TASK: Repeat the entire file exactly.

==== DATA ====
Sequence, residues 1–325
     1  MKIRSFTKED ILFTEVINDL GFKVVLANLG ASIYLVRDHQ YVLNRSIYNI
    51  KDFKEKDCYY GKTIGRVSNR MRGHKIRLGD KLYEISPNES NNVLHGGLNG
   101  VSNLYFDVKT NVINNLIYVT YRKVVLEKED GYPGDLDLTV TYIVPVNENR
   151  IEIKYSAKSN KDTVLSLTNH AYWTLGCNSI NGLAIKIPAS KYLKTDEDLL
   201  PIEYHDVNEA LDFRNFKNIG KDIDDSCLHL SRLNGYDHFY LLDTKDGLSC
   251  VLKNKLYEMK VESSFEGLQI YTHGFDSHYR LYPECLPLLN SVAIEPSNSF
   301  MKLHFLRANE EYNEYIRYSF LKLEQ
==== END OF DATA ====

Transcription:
Sequence, residues 1–325
     1  MKIRSFTKED ILFTEVINDL GFKVVLANLG ASIYLVRDHQ YVLNRSIYNI
    51  KDFKEKDCYY GKTIGRVSNR MRGHKIRLGD KLYEISPNES NNVLHGGLNG
   101  VSNLYFDVKT NVINNLIYVT YRKVVLEKED GYPGDLDLTV TYIVPVNENR
   151  IEIKYSAKSN KDTVLSLTNH AYWTLGCNSI NGLAIKIPAS KYLKTDEDLL
   201  PIEYHDVNEA LDFRNFKNIG KDIDDSCLHL SRLNGYDHFY LLDTKDGLSC
   251  VLKNKLYEMK VESSFEGLQI YTHGFDSHYR LYPECLPLLN SVAIEPSNSF
   301  MKLHFLRANE EYNEYIRYSF LKLEQ